myTunes Nobody Playlist Blogpost

Ever heard of the iTunes Celebrity Playlist Podcast? Celebrities (Steve Martin, Whoopee Goldberg, Ringo Starr, Clint Eastwood, etc.) would come on and talk about music. I really like the musicians who would come on and talk about the music which influenced them as musicians. Mic Fleetwood talking about drummers, Slash talking about guitarists, etc. It was pretty good and I’m not sure why they stopped.

Before our last show, one of the bands I play with was invited to a local radio show to guest DJ. I’m not sure where the communications breakdown was, but I thought it was going to be like the iTCPP. Instead, it was like a normal radio show with occasional talking by us the band. It was kinda fun, but I don’t know that I’d do it again if the format stays the same.

Remember: This is a ska/reggae radio show, so pretty much everything will be from that family of genres. If this were open to all music, it would be much harder to choose and much, much longer.

If you’re interested, you can listen to the whole just-shy-of-two hours of the show here:

I wanted to take a little time and put down here the songs I would have shared there, if it was the format I thought it was.

So we start with The Skatalites‘ “Swing Easy” which you can hear on the podcast. I’m a trombone player, so of course I’d turn to a band formed by a trombone. This is from their 1998 album “Ball of Fire,” although those tunes are just new arrangements and recordings of old stuff. So while Don Drummond doesn’t actually appear on that record (since he died in 1969), it’s still his stuff. So there’s that.

I have always loved the sounds of Less Than Jake‘s horn section. I love their riffs. I love the way they mix and master them. It’s great. For a good example, check out “The Science of Selling Yourself Short.”

I don’t play the drums, but Led Zeppelin’s John Bonham makes me wish I did. But since I’m talking about ska music, I’ll mention something else I love about John Bonham and how it relates to ska.

On some recordings, because of how they recorded the drum set and where they placed the mics, you can hear the kick and high-hat pedals squeaking when he plays. You can tell there is a real live person playing the drums (for a great non-ska song about that, check out The Limousine’s “The Internet Killed the Video Star“). Another recording where you can tell there are real live people playing the music is Streetlight Manifesto‘s “Somewhere in the Between.” Right in the middle, there’s a horn feature and you can hear the clicking of the keys of the bari sax. Have a listen:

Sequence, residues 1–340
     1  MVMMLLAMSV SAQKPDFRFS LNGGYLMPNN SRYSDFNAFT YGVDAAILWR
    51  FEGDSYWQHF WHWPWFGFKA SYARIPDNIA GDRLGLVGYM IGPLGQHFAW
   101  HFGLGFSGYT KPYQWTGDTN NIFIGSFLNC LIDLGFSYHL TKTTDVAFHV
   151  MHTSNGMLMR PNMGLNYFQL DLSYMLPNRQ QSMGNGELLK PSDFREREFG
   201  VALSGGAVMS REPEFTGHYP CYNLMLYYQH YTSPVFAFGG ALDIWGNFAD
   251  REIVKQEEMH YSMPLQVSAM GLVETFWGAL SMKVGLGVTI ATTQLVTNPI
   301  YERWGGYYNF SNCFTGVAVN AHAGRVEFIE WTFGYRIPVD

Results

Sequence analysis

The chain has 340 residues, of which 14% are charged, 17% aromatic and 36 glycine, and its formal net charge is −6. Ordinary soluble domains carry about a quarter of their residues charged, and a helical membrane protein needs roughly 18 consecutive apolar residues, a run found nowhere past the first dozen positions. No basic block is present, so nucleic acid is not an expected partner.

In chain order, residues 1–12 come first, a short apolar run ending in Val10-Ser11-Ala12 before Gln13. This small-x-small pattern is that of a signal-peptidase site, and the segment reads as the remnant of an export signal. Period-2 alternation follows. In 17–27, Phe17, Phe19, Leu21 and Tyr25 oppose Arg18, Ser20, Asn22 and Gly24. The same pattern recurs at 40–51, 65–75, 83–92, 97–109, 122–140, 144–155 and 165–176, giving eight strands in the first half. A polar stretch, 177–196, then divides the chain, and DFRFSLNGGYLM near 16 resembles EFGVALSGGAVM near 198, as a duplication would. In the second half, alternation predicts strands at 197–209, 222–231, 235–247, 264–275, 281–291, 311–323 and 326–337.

And speaking of people who are real, let’s mention the people who are not. One thing I cannot abide is fakeness. I was a teenager once and I did things because I thought I would then be accepted by my peers. Truth be told, chances are whoever you are trying to impress aren’t really paying attention to you. They are trying to impress you because they are also insecure, but really they’re focused on themselves. I understand there’s a huge section of peoples’ live which devoted to finding out who they are, but don’t force it. When I was a teen, there was a certain image which non-conformists had. It used to be punks and now its hipsters. Ironically, to be recognized as a non-con, you have to conform to what other non-cons looked like. You’re still a conformist, just now you think you’re something you’re not. Otherwise you’re lost, to take a phrase from the last song (although here it means something completely different), somewhere in the between. You see, I grew up listening to real music by real bands. I feel like there are a lot of performers out there (and their – in my opinion – brainless fans) who don’t quite fall into the ‘real music’ category.

One song which highlights this is Five Iron Frenzy‘s “Marty” of their collection of b-sides, “The Cheeses of Nazareth.”

Next, let me quickly highlight some great tunes with some great grooves. Since ska and reggae are dancing genres, the groove is key.

Here’s The Aggrolites‘ “Let’s Pack Our Bags”

Dispatch‘s “Con Man”

Matishahu‘s “We Will Walk”

and, because this is something they excel at, Reel Big Fish‘s cover of Oingo Boingo‘s “We Close Our Eyes”

There are a handful of local bands which have also shaped me. One of them (who is still around)(most of the others have broken up) is Two and a Half White Guys. I wanted to share their song “Stompin,” but couldn’t find a good copy of it. So here’s my second favorite song of theirs, “Arrested.”

And that transitions nicely into a plug for my other band. If you keep listening to that podcast episode above, you’ll hear our song “Super Motorcycle Ninja Gunfight.” But since that’s a bit anti-climactic, I’ll share another great song about frustrated love (at least it reminds me of a time in my life when I was frustrated by my girlfriend at the time), 311‘s “Waiting”

Let me know what music has influenced you as a musician. Or in any way, really.


One thought on “myTunes Nobody Playlist Blogpost

  1. Pingback: Feeling More Human | Another American Audio-logue

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